Wall’s love of music, children adds to vocal teaching career

Donna Wall has been teaching middle school choir since 2005. She said music is an important part of anyone’s life. Aside from teaching, Wall also gives of her time to several area churches and teaches private music lessons. Here, she instructs the sixth grade class during choir. (Photo by Kim Brooks)
Panther Professionals
Kim Brooks
Express Editor

     Panther Professionals is a weekly series highlighting educators, administrators, staff and aides who are dedicated to the future of the Monticello Community School District.

     Music and working with children are Donna Wall’s passions, so it makes sense that she would be the vocal teacher at Monticello middle School.

     Wall started in 2005, and has always held the job working with fifth through eighth graders, as well as assisting the high school vocal when needed.

     “I grew up in Monticello and graduated from here,” she shared. “We have a good school system.”

     Wall said her two passions, music and children, help in her teaching role. She earned a bachelor’s degree from Wartburg College in 1991, double majoring in music therapy and music education.

     “My therapy background helps with some kids,” she said. “It helps me give these kids different avenues to succeed.”

     In 2007, Wall completed her master’s degree in music from the University of Northern Iowa. While teaching full-time for the MCSD, she took one class at a time, while also raising an active family.

     “I wanted to try and gain as much knowledge as I could about my field,” she offered. “And I wanted to see what new concepts or ideas in music were out there.” Wall said every education department is constantly changing, and you have to change with it and stay on top as well.

     Before coming to the MCSD, Wall taught music for both Olin Schools (preK-12) and in Dyersville at the parochial elementary school.

     “Having taught at different grade levels,” said Wall, “I enjoy middle schoolers; I really do.” She said at this age level, the students want someone to listen to them and are looking for direction to feel like they’re successful at something.

     “It’s about helping students realize their personal strengths,” Wall said.

     Aside from working with the large groups of different grade levels, she also offers small-group voice lessons with her students.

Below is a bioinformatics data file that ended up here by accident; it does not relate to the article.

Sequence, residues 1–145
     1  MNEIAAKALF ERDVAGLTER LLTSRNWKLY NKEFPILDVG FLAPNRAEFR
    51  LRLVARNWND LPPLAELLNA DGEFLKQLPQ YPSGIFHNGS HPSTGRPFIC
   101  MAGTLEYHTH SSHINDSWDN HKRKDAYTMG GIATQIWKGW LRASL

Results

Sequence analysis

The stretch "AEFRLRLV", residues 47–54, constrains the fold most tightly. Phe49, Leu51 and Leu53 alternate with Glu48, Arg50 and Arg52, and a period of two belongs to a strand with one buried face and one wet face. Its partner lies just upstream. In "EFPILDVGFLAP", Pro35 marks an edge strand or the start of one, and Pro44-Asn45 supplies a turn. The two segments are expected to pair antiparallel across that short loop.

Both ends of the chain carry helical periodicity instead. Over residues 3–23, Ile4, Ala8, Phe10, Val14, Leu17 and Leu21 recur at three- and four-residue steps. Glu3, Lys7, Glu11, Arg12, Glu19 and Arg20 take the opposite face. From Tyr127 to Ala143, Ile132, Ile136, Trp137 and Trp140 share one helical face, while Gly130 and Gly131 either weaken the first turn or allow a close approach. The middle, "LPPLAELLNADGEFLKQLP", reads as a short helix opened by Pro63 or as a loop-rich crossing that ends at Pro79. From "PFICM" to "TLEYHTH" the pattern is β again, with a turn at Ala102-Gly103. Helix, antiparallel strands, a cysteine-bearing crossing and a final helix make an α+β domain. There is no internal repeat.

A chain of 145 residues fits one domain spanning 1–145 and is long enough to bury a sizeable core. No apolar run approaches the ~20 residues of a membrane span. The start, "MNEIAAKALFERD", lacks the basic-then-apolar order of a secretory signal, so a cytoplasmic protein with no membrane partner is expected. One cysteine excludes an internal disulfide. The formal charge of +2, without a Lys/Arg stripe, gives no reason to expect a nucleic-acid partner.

“This helps me get to know their voice and where they might be struggling,” she said. “And, it’s an opportunity for them to show me what they know (musically).”

     Within the fifth and sixth-grade vocal classes, the students will also learn about the musical instruments such as guitar and harmonica.

     “It’s about learning the different music concepts,” Wall explained.

     She also instructs the middle school honor choir.

     “This is an opportunity to expose the kids interested in music to something different,” she said.

     As if teaching isn’t enough for Wall, she also lends her musical talents to a variety of other community outlets. She plays during the weekend Masses at her church, Sacred Heart in Monticello, and sings in the church choir. Wall also plays, when available, for The United Church of Monticello, the Scotch Grove Presbyterian Church, and the Cascade Community Presbyterian Church.

     Wall teaches private piano and guitar lessons, too.

     “Music is important in life,” encouraged Wall. “It’s part of who we are and helps boost out natural endorphins.”

     Her ability to stay active in the community is something the Wall family, with three daughters, strives to carry on. Wall herself was in Camp Fire and earned her coveted WoHeLo Award. She’s been a Camp Fire Leader for 17 years now. Two of her daughters have also earned their WoHeLo, with a third yet to go for the top honor.

     “I like to stay connected with my daughters and spend time with my family,” Wall said.

     The Walls (Donna and Gene) have four kids: Cody who’s in the military in Tennessee; Shelby, a sophomore at Palmer College; Kylie, a senior at MHS; and Destiny, in fourth grade.


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